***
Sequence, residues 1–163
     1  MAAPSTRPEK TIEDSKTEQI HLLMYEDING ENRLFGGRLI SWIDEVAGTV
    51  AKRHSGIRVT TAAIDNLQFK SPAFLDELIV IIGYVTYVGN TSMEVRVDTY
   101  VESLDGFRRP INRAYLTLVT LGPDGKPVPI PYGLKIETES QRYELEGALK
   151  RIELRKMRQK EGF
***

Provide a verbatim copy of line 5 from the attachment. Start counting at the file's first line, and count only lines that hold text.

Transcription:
   151  RIELRKMRQK EGF